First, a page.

Leadbeater’s account of his life up until he joined the Theosophical Society in 1884 – as he wrote about it, and as he told Besant, Jinarajadasa and Hamerster about it – contained many mysteries, all of them the consequences of the fantasies that he confected or, to be less charitable, the lies that he told, for his own aggrandisement. Thus, his father who was a cashier for a railway company living in a Stockport slum, became the Chairman of the railway company who, having mixed with the social, literary and artistic elite of London, retired to a country estate, Lea Green Hall, where his son was born. Most of the mysteries of his early life have been unveiled.
However, more mysteries remain regarding his family background. Research in this area is complicated by the fact that Leadbeater gave very little information about that background, and that what he disclosed was (probably inevitably) essentially untrue. Presumably, having fabricated a fraudulent version of his early years, he could hardly disclose too much of the truth about his family lest further inquiries brought the whole house of cards down.
Leadbeater’s grandfather, John Leadbeater (1795-1860) and his wife, Mary, had ten children, of whom four died in infancy or childhood.
One Leadbeater family mystery relates to the marriages of two of Leadbeater’s aunts: Jane Livesay Leadbeater (1836-1904) and Mary Anne Leadbeater (1837-1908). They both married eminent Anglican clergyman, much removed from the family backgrounds and social class of their father, John Leadbeater (1795-1860) – a man who described himself as a “sweep” in his marriage bans and had to mark the document with an “X” because he was illiterate. Leadbeater’s father, also named Charles, was a cashier for a railway company living in a Stockport slum. How did his sisters rise so rapidly and so far in the social scheme of things?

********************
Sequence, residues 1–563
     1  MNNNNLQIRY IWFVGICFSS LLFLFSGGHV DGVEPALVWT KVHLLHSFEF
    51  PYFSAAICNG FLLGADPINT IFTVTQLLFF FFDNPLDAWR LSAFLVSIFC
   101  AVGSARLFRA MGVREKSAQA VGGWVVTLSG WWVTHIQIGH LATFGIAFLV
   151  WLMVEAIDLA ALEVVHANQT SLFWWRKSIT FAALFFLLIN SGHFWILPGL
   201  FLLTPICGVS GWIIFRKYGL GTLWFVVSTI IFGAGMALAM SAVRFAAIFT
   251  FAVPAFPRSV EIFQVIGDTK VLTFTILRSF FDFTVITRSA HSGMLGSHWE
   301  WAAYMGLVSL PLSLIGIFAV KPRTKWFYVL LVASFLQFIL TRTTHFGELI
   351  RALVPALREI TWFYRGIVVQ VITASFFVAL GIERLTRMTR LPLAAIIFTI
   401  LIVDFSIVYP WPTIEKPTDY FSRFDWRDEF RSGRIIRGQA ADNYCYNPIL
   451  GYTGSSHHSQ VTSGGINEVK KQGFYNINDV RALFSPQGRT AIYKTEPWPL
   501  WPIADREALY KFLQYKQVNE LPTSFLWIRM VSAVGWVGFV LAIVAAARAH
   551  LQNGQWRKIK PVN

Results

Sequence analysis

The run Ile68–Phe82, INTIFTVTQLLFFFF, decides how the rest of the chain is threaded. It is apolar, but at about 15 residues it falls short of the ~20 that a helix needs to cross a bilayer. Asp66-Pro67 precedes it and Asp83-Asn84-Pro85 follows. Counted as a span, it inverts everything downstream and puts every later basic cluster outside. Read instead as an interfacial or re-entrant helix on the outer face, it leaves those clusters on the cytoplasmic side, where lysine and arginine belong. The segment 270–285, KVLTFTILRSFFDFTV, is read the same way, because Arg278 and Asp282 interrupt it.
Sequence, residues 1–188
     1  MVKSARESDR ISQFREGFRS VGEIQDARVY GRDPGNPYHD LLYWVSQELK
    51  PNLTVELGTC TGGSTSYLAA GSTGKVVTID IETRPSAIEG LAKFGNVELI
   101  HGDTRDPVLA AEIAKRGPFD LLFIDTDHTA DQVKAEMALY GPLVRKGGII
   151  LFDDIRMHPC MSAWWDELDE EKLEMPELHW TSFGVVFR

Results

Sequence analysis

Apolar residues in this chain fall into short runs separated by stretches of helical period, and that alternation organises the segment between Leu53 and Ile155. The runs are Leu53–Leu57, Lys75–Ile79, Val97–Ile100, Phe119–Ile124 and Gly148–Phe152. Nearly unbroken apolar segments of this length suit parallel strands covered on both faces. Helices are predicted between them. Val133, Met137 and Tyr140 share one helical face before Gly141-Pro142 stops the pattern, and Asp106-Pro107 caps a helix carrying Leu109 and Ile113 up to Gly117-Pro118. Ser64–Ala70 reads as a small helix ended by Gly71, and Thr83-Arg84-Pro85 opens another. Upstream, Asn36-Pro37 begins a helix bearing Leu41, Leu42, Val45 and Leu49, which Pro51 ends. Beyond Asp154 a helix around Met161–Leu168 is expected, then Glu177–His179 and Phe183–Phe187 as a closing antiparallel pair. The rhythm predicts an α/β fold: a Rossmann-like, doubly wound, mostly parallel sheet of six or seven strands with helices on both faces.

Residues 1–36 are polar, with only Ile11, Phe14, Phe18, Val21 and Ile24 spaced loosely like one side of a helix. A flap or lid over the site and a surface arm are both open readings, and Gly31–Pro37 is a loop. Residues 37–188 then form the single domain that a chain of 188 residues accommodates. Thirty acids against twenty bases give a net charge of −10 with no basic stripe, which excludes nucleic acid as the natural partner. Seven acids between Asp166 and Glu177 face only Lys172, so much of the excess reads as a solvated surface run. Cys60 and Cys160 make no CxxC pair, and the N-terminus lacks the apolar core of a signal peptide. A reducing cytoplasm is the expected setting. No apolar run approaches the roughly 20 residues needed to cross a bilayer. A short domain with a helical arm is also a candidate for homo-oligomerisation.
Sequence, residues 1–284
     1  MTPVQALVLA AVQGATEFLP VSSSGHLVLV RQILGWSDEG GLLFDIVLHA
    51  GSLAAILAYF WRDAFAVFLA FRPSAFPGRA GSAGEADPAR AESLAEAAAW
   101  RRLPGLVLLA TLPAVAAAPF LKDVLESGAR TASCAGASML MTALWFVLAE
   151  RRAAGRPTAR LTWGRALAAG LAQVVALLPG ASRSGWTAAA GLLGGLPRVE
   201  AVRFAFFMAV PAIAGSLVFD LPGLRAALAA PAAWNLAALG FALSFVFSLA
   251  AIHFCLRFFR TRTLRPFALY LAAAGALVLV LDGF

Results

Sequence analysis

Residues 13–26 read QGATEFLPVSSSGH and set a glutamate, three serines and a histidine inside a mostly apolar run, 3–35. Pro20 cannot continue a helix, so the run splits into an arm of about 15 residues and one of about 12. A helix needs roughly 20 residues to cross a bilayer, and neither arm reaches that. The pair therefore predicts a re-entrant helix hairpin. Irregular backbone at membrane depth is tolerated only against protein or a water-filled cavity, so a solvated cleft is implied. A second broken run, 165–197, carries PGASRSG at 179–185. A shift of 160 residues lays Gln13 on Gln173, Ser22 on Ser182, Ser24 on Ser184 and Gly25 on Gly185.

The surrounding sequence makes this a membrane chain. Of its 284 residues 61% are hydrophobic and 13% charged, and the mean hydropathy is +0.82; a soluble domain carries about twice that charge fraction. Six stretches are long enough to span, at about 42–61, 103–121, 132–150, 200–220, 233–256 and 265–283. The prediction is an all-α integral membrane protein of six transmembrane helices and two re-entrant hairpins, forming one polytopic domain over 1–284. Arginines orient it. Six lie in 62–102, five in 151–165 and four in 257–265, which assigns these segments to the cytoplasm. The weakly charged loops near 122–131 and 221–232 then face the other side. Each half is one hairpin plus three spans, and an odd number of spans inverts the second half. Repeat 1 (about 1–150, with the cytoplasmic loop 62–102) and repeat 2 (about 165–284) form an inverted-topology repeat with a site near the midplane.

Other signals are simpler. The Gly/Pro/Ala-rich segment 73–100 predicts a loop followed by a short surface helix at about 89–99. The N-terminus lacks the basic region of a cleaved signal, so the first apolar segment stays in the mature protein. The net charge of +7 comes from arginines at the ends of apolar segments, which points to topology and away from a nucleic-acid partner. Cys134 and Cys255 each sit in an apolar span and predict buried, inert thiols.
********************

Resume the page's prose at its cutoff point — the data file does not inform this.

The mystery is at least partly explained by the intervention of a remarkable woman educator, Margaret Alexis Bell (1818-1889). Miss Bell was born in Glasgow on 17 June 1818, the daughter of the Reverend Alexander Bell (1789-1851), a Wesleyan preacher, and his wife, Margaret, and was baptized in on 15 September 1818 in the Wesleyan Church in Glasgow.
In 1851 Miss Bell was the principal of a school, Victoria Hall, Rusholme, Lancashire, at which both Jane and Mary Leadbeater were pupils. It seems unlikely, given the family circumstances, that their father could have afforded a private education for his daughters.
By 1861, Miss Bell had adopted Mary as her child, and took her on as a teacher at the school, Winnington Hall, run by Miss Bell, her sister, Mary Anne, and her friend Miss Mary Jane Hall. The school opened on 27 July 1851. Also described as a teacher at the school was Mary’s sister, Emily. Another sister, Annie (1842-?) was described as a scholar at Winnington Hall in 1861.
Miss Bell had been raised in the tradition of northern Methodism, but had become a liberal Anglican, and cultivated exceptional contacts in the world of art and literature. Winnington Hall was a “finishing school” for girls, and attracted the support of and visits from some of the leading figures of the literary, artistic and musical world of the time.
“Girls at Winngton Hall”, artist unknown
Sir Charles Halle (1819-1895), Anglo-German pianist and conductor, and founder of The Hallé orchestra in 1858, used to visit to give recitals. John Ruskin (1819-1900), the leading English art critic of the Victorian era, as well as an art patron, draughtsman, watercolourist, a prominent social thinker and philanthropist, gave lectures, supervised the girls’ musical studies and gave instruction on the Bible, geology and art. Ruskin helped the school financially, and had his own room in the house, which became for him a “semi-permanent residence”. Sir Edward Coley Burne-Jones (1833-1898), the British artist and designer closely associated with the later phase of the Pre-Raphaelite movement, who worked closely with William Morris, designed a series of wall hangings to be embroidered by the girls.
John Ruskin (1819-1900)